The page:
Abstract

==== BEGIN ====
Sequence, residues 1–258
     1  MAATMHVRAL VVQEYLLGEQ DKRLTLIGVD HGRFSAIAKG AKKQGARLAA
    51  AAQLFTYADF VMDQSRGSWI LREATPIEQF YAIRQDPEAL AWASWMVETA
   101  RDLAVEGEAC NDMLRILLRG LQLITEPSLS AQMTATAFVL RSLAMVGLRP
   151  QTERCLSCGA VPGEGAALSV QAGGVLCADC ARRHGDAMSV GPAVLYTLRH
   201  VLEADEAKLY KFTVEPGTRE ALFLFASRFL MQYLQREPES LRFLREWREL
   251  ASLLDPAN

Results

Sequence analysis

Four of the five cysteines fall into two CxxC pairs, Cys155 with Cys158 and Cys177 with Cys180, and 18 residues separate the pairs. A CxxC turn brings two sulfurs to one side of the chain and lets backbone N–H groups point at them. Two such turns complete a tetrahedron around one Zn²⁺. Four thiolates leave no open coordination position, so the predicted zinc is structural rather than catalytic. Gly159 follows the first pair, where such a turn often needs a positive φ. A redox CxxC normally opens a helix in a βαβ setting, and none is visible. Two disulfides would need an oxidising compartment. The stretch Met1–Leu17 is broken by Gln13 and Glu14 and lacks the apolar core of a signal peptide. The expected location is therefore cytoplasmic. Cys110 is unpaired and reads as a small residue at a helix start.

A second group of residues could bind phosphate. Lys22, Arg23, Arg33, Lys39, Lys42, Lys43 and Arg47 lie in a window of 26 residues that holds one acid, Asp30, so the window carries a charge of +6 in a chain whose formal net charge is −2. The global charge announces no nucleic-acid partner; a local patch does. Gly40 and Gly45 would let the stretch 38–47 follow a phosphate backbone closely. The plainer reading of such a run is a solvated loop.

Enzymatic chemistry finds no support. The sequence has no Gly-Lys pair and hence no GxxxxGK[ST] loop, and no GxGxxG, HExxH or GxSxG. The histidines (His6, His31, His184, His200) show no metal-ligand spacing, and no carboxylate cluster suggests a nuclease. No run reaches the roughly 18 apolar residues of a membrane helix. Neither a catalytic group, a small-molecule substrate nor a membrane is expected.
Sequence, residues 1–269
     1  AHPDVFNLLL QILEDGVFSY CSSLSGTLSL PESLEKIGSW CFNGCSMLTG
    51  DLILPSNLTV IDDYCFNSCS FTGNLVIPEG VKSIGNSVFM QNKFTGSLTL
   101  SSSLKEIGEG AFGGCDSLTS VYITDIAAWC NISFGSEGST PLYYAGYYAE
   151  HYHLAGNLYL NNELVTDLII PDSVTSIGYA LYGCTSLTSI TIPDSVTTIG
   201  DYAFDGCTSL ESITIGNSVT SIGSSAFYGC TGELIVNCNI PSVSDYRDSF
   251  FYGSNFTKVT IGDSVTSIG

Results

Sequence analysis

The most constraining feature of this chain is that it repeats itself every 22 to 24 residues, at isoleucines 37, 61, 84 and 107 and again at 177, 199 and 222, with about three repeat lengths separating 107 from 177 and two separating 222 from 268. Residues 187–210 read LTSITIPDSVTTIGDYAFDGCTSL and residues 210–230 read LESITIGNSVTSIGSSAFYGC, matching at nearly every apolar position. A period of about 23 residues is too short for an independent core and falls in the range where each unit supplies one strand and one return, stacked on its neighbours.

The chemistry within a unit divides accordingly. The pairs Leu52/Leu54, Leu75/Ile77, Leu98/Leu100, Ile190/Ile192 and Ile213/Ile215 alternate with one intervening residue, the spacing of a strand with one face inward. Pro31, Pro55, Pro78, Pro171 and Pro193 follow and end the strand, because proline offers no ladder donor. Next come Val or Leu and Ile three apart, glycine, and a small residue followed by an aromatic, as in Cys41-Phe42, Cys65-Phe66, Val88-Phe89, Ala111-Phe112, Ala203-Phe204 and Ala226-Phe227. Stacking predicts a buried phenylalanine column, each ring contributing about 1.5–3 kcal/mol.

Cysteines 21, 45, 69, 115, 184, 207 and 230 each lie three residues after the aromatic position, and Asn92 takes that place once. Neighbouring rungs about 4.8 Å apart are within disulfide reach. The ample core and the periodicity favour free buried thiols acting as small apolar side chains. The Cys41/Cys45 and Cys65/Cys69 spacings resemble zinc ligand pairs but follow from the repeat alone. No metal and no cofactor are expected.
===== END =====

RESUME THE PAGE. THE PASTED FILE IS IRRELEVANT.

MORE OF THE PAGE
Dungeness in Kent is the largest shingle system in the British Isles, and comprises five distinct beaches. Denge Beach is the largest of these beaches and contains a series of open water bodies, which support a diversity of fauna and flora. Gravel extraction and water abstraction for public supply has been present in the Denge area since the end of the 19th century. A deterioration of a number of patches of blackthorn (Prunus spinosa) scrub and important epiphyte species found on the blackthorns was observed during the early 1990s. This paper examines the nature of the shingle aquifer, water-level fluctuations, the influence of human activity, and their relationship with the deterioration of blackthorn and epiphyte communities. It is found that water levels have steadily risen since the early 1990s and the deterioration of blackthorn scrub was probably related to high chloride levels caused by ingress of seawater.

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